Sunday, November 25, 2012

How to Love My Poison and Have it Too?

I think the sages erred in naming the three buddhist poisons, my friends greed anger/hatred and ignorance. The moment the bad is mentioned, it is my tendency to want to prove I have the good. I become obsessed with needing to show I am not poisoned; I don't get angry; I am studying to overcome ignorance; I am giving up my things to show I have no greed.

And, perhaps more importantly, I am quick to fault others for their anger; I tisk-tisk their offensive, or naive, or stupid statements as a symptom of their ignorance, I whisper in the zen do hallways that if their greed didn't bind them so much, they wouldn't mind sitting on the buckwheat zafu.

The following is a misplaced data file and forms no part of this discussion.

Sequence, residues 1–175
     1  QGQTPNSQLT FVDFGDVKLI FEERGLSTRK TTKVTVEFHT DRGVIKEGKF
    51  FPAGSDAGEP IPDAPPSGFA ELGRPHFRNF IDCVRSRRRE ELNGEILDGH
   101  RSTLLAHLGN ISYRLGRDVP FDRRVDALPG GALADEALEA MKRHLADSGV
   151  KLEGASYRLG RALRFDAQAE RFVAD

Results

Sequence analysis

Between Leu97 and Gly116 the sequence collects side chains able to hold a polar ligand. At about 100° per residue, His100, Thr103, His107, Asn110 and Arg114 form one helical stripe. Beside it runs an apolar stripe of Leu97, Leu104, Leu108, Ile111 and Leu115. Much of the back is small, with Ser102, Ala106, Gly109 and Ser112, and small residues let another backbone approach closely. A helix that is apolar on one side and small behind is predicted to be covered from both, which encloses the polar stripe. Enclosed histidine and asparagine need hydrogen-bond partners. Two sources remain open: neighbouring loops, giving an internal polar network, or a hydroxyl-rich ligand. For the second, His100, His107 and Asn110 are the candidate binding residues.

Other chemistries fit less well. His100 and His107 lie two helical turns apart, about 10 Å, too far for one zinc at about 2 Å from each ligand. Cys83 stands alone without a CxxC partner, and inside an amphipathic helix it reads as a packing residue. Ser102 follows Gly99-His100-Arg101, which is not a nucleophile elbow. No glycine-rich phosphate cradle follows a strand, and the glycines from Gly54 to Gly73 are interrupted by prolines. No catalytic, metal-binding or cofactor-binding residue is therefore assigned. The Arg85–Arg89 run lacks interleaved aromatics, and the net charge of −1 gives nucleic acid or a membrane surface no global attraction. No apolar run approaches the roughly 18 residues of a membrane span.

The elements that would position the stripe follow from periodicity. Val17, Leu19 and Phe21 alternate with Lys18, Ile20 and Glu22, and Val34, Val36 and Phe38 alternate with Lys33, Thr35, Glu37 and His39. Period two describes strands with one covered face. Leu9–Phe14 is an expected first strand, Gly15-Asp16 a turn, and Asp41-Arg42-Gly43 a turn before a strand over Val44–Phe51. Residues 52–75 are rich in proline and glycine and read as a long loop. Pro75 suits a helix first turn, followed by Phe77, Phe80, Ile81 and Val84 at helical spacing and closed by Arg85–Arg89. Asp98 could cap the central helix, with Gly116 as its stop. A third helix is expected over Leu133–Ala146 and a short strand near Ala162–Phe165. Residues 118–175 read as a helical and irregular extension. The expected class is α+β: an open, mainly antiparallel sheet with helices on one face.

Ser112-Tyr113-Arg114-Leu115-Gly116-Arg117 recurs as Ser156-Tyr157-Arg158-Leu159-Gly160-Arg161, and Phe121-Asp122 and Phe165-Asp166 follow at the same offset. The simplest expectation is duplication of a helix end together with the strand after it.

I was moaning to a friend the other day about how difficult zazen can be. He said he has come to embrace his imperfections. That got me wondering if that [statement about it being an imperfection] wasn't just one step too far. The first step, I think, is to embrace my anger, or sadness, or envy, or shame (whatever the heck was is at work) in the first place, before I nicely nod and package the situation as an imperfection.

I need to carefully keep my pet poisons in a pen. Care for them.accept them. I get angry...that's okay. I am ignorant...that's okay. I want to have what I don't and keep what I do...that's cool.

I've heard Suzuki said I am exactly where and who I need to be. These three guests I would often rather not be seen with, I better invite into my house for dinner. When I can sup with them, I will not be starring out the window afraid they will be seen lurking around my house.